2 months ago
Wednesday, January 20, 2010
And Then She Wrote
I finished typing. It’s actually really short. We were chatting more and then she wrote...
And then she wrote in a bold hand and turned the tiny light on it. And then she wrote 'What is it for?' And then she wrote to Ellen: "There were in his proposal," she said, "some things which might have proved a strong temptation. And then she wrote, "Michael, I love you.”
It was her hand that held the pen. I married her and then she wrote the story .... kind of. She wrote: Two types.
And then she wrote on a piece of paper a sentence that established a second character. Another HER. And then she wrote a prayer.
She asked him to hum things, and then she wrote them down and they just sparkled and then she wrote a short fiction around the water theme and I think I controlled her hands for a few bars at a time, and then she wrote down the notes, and then she wrote to me: 'My heart still aches. She wrote kind and beautiful words that had deep meaning for me.
I said yeah and then she wrote some other stuff down on the clipboard. A question or two.
She looked at the question for a while, and then she wrote, “not supposed to”.
He wrote, “Do you know why?”
She wrote, “people die”. And then, she wrote, "It happens."
And then she wrote: “I want to write how I am and who I am so they will know me”
And then he wrote a book, made a movie and pretty much babbled on. She babbled on. I babbled on. And they babbled on and on. Not so interesting is the "and-then-he-wrote, and-then-he-wrote."
He wrote nothing and then he wrote again and there was some waiting and then he wrote tender letters again and again. He wrote, “Do you know why?”
She wrote, “people die”.
And then he wrote in the sand from Galveston. You wrote in the sand and now, you write on a stone, why?"
He wrote in the sand with his finger and then took a picture. And then he wrote the second line, and the second line had to be answered, and then he wrote the third line. She thought it looked fine there, and then she wrote her own name, in red, right under it.
And then he wrote a letter to his old home. It came back undelivered. The next day he paid a visit to his old home, to his old home at Surprise Hill. (Leaves the prison gates, he makes his way to his old home, but his old home is not there.) “A pleasant surprise?" Hill said, I wanted it to be a surprise,” Hill said. “I knew it would be a joyous moment. You could see how it lifted them.” Masterful editing has lifted them out of the ordinary.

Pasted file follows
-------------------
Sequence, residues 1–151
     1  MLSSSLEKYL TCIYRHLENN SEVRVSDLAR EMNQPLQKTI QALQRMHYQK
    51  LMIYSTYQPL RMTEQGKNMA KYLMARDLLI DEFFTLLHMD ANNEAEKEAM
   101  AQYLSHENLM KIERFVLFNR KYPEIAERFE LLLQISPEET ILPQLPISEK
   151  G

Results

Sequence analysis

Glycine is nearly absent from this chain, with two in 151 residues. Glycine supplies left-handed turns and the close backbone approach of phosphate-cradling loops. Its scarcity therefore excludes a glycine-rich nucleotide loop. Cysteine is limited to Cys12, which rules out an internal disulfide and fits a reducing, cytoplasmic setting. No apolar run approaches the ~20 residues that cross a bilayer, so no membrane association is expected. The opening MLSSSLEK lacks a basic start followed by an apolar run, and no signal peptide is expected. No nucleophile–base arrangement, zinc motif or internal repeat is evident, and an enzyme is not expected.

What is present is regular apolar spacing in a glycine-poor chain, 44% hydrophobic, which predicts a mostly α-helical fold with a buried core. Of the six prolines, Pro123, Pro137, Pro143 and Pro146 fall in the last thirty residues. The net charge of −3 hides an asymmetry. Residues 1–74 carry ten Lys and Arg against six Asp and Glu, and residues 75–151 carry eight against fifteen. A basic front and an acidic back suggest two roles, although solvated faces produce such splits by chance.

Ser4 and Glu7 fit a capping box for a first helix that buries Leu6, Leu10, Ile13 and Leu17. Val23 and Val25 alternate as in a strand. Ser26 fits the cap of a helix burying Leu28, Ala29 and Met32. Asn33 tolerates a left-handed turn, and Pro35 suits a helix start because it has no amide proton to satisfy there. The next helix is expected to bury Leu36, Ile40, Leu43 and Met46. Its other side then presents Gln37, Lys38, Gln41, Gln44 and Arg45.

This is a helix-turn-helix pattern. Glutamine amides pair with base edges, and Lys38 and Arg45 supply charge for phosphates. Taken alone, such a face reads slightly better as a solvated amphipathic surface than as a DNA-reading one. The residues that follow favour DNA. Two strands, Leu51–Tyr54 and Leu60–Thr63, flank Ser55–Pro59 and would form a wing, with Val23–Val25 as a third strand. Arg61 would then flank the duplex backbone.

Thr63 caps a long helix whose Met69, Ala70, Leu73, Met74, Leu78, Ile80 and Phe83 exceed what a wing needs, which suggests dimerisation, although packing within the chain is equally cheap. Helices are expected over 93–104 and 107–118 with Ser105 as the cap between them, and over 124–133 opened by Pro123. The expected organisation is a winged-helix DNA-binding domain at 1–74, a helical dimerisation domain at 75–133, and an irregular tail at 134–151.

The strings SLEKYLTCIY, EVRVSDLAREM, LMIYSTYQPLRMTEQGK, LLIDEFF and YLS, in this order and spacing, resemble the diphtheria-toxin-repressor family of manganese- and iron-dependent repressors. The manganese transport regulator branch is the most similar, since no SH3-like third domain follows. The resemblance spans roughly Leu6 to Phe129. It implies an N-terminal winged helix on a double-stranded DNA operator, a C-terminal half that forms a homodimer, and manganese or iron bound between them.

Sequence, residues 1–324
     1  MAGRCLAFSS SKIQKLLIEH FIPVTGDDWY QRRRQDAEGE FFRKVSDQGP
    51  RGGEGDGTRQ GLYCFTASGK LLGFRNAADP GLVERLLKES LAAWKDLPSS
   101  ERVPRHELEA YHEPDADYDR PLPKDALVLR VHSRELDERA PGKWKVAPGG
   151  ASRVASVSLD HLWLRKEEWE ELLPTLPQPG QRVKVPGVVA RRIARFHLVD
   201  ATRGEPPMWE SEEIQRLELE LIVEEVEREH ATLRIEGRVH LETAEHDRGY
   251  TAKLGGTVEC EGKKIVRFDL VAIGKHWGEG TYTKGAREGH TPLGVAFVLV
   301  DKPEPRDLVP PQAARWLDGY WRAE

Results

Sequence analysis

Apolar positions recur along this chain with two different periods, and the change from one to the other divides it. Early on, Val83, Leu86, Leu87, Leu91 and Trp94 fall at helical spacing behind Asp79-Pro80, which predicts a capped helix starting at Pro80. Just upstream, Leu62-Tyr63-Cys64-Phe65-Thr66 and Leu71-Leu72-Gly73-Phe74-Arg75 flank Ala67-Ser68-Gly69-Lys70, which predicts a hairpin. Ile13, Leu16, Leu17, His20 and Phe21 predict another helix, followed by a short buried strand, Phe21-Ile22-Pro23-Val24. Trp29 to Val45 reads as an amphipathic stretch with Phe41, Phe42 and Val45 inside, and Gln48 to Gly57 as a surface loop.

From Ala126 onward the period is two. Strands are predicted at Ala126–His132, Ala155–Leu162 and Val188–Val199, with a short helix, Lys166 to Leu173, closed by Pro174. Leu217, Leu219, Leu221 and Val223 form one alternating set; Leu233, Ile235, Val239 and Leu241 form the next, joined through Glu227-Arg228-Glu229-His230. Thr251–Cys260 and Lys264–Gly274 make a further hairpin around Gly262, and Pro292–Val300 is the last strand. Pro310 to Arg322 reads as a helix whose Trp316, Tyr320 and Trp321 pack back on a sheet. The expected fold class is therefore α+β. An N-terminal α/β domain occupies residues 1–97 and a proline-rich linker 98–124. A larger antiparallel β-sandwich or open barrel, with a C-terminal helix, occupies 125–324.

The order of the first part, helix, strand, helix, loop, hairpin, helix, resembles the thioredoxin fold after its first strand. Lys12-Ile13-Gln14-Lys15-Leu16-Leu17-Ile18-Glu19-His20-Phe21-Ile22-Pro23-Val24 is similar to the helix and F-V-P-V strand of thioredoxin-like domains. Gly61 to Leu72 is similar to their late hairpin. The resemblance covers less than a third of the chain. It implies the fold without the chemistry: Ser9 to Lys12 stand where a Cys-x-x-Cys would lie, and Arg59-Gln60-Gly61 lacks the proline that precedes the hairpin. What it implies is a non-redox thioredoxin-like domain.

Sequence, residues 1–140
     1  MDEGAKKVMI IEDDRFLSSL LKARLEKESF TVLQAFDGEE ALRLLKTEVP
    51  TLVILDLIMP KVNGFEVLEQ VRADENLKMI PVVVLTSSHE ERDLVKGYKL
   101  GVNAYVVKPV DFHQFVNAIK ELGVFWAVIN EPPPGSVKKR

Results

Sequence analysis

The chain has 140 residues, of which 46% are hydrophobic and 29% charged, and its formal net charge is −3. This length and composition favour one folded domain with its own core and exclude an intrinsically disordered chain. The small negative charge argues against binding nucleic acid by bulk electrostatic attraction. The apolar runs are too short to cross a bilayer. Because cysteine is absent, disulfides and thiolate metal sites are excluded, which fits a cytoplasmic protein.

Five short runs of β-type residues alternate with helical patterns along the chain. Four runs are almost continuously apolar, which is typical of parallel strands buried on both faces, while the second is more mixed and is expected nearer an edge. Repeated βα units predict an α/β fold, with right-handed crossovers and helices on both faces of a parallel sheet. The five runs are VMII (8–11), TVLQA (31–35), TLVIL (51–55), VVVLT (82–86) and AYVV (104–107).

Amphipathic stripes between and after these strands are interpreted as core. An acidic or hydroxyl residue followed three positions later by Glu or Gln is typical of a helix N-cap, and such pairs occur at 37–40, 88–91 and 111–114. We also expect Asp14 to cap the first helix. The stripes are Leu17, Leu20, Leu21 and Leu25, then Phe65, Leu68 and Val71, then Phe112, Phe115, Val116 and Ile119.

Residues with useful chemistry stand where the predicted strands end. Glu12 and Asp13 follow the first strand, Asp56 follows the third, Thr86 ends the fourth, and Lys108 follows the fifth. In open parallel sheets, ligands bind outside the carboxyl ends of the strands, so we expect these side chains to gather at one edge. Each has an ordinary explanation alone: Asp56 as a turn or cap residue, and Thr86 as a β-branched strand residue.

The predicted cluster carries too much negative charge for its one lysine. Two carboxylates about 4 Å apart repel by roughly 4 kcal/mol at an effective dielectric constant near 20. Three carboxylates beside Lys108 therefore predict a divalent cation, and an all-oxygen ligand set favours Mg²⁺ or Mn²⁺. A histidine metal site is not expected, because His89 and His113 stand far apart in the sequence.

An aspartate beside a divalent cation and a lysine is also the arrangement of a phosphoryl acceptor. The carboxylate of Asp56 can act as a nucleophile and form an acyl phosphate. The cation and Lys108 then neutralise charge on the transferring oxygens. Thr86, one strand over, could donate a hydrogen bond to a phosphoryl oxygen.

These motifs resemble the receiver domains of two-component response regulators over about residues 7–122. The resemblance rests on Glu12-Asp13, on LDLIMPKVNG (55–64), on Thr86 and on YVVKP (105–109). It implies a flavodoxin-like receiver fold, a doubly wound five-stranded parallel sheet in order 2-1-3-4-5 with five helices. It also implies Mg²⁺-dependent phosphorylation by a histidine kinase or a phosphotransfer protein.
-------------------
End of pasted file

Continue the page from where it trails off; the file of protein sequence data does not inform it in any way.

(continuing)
And then he wrote this, which touched my heart ... this story touched my heart:
He could build a log house himself, and then he wrote poetry.
I always wanted to build a log house ... everyone could build a log house with their own hands if they have a dream to build a log house. So it's Time to Open the Prison Gates!!!!
Then he wrote to me ordinary things that touched the heart and moved the soul, such as “the pellet lodged in or touched the heart when Whittington was shot.”
Long, long time ago there lived a poor boy called Dick Whittington. He had no mother and no father, and often nothing to eat. One day he heard of the great city of London, where, said everyone, even the streets were paved with gold. How was it done? What is it?
How Is It done to get the maximum out of the grooves? the age-old dirt out of the grooves? ink out of the grooves? Double helix out of the grooves. Get the last of the fluid out of the grooves. Out of the grooves -- using a paint scraper, toothbrush bristles, or even toothpicks or large sewing needles. He did this, and then he wrote to me and asked me how it was done.
How is it done? ... How is it done?
And then he wrote to me that he was going to speak ... going to speak about these matters today,'' he said. "I was just a little confused ... now I am going to speak for myself.” When he heard how ill poor mamma was, then he wrote to me—twice. You may see his letters if you like. Poor mamma was tired with holding so big a girl for so long,
Mom suddenly screamed:" you are already so big a girl!” Just the thought of so big a girl! Poor mamma was always very particular about that! It all seemed very complicated. She wrote to me: 'My heart still aches.’ She wrote to me for money, and I sent it again and again. I was a fool, a big one, and I send the money,
And then... he wrote to me, in a very strange way, one more time. “That's all she wrote”, he wrote.
Now, in case you didn’t know, That's all she wrote is used to indicate the end of something...
So! That was all she wrote.
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